Although simply rubbing crushed leaves on your skin or burning leaves in an area can provide a small amount of protection by breaking down plant tissue, essential oils in their raw form do not make especially potent repellents. Repellent sprays made with highly concentrated distilled oils are far more effective—some, like citronella-based repellents, are even as effective as DEET. But because essential oils are highly volatile, meaning they dissipate quickly, they usually only last a few hours.

Nanotechnology Improvement in Essential Oils

Fortunately, new developments in nanotechnology have allowed scientists to begin achieving slower rates of release of potent essential oil repellents, especially those that are citronella-based. One promising method is called high-pressure homogenization, where scientists use nanotechnology to blast microdroplets of distilled citronella into larger drops of glycerol. Stabilized and positioned evenly in a glycerol matrix, the citronella droplets are released more slowly after the repellent spray is applied, providing excellent protection from mosquitoes for several hours.

Culex species of mosquitoes are common across North America and are known to transmit West Nile Virus. Credit: Insects Unlocked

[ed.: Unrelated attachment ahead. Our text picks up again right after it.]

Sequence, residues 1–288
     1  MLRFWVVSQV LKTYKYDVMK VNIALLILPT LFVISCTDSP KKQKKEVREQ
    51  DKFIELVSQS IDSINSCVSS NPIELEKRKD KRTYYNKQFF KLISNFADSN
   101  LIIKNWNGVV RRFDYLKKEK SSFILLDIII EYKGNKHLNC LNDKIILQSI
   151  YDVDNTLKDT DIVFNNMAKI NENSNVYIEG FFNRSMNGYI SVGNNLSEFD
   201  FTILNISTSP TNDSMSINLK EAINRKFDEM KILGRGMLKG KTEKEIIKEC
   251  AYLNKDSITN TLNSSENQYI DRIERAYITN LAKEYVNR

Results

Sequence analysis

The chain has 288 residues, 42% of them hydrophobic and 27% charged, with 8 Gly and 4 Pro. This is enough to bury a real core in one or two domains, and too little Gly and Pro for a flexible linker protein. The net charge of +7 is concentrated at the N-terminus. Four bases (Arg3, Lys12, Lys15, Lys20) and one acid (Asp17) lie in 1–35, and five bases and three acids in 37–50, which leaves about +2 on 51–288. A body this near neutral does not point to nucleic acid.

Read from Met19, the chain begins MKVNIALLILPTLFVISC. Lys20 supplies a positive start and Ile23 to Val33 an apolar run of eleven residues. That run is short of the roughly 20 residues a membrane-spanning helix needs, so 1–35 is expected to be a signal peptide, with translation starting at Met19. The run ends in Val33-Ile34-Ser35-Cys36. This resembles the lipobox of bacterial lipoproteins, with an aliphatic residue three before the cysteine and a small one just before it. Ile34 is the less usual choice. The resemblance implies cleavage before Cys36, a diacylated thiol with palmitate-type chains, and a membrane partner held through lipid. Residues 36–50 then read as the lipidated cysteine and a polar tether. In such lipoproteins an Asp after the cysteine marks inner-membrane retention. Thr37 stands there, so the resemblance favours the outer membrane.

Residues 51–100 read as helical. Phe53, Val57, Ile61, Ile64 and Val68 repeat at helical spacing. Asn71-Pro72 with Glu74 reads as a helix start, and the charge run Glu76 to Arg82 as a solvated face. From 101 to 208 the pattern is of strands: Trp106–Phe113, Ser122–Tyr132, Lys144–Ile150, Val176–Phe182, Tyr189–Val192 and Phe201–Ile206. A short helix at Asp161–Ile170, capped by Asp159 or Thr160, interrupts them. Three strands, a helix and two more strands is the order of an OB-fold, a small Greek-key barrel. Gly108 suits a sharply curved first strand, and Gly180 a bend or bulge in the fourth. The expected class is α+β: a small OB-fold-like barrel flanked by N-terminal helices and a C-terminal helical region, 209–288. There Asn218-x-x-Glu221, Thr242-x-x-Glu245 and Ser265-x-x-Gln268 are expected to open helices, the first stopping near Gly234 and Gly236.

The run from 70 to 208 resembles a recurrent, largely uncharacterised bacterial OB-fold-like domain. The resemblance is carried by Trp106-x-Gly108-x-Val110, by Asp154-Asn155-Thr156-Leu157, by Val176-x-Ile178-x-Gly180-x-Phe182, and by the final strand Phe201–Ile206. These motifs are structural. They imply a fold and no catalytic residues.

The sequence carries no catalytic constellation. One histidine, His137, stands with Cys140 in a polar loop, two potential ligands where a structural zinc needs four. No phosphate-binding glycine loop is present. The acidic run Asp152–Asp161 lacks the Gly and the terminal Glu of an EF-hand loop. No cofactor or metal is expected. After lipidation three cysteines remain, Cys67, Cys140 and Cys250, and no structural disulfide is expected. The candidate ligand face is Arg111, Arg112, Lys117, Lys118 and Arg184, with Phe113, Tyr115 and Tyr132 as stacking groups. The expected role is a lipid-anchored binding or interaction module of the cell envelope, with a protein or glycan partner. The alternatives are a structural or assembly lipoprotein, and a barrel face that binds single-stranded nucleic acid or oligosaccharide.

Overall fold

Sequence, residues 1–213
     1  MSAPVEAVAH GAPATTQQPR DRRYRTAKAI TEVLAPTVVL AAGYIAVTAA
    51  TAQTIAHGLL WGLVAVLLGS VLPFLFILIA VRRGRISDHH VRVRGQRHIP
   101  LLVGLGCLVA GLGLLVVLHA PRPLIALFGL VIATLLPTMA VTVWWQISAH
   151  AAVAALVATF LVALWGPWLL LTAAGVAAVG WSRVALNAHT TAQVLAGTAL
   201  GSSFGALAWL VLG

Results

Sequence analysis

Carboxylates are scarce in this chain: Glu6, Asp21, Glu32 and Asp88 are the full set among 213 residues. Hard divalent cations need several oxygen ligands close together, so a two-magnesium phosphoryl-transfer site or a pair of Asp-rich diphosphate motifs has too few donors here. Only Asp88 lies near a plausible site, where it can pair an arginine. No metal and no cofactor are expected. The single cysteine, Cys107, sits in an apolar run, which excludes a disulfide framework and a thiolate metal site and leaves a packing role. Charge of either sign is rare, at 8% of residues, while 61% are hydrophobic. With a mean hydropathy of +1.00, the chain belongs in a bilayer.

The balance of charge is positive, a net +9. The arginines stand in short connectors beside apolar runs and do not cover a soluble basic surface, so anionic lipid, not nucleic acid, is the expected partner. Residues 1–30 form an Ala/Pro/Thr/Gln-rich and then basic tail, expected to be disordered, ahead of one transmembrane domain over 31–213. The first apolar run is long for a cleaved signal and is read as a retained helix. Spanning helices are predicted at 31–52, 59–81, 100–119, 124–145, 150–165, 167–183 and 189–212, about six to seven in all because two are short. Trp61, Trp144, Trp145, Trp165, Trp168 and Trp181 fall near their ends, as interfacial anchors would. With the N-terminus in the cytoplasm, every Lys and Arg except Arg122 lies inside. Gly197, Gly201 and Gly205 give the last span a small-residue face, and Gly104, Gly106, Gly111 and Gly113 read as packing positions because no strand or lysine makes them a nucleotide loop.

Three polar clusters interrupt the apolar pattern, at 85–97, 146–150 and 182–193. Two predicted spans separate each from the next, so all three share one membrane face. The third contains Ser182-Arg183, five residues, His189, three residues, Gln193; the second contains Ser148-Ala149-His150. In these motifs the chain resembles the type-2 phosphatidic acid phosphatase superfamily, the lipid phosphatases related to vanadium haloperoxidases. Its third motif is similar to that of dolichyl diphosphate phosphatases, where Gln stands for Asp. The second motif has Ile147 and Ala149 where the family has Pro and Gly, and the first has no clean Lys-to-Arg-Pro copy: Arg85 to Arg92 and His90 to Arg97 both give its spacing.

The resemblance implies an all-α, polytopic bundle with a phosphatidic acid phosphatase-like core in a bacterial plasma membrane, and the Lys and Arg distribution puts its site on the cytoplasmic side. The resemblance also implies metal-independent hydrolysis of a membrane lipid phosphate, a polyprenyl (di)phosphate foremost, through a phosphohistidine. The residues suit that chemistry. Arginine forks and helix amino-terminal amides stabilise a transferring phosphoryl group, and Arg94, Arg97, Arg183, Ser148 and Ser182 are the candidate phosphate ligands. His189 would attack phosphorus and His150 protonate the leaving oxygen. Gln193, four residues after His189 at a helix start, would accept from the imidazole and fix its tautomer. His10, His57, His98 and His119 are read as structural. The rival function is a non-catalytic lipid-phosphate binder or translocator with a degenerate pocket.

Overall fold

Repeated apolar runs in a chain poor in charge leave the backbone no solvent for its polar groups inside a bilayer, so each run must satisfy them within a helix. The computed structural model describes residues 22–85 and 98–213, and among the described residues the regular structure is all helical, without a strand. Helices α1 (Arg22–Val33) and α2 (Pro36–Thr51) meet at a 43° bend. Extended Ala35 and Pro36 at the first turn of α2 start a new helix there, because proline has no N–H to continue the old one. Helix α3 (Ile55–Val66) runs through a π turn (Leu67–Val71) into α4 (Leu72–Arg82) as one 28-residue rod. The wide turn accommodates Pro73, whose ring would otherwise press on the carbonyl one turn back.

Culex species of mosquitoes are common across North America and are known to transmit West Nile Virus. Credit: Insects Unlocked

Another method is microencapsulation, a technology where essential oils are encapsulated in a shell of stabilizing particles. The shell can be made of either natural or synthetic compounds such as Arabic gum, agar, alginate, or proteins, and extends the period over which the repellent is actively repelling mosquitoes.

Using this method, scientists have developed cotton fabric sprays that provide 90% repellency for over three weeks. And treating microencapsulated citronella with titanium dioxide nanoparticles causes the repellent to become sun-activated. This is important in African countries where many mosquito species are active during the day, but could potentially be helpful for repelling invasive, daytime-feeding tiger mosquitoes in North America.

Tiger mosquitoes, invasive to North America, can carry deadly diseases such as West Nile virus and Dengue fever. Credit: Frankie Leon

These new developments show a promising future for natural, plant-based mosquito repellents. In the meantime, essential oil repellents, although relatively short-lived, can still provide an effective natural alternative to synthetic sprays. Citronella, pine, North Indian rosewood, peppermint, and loop-root mangrove essential oils are the most effective against mosquitoes.

Be aware that some natural repellents are safer than others, so it cannot be assumed that natural equals safe. For example, anise, basil, cajeput, nutmeg, and rosemary essential oils contain carcinogens and should potentially be avoided.

This is one example of many exciting advancements in technology that have allowed scientists to explore methods of mosquito control that are not only more effective than past methods, but reduce the negative environmental impact of human health management. Next up, we explore how scientists have been using tiny, natural, and native predators to defeat disease-carrying mosquitoes.

In this series

Learn more about mosquitos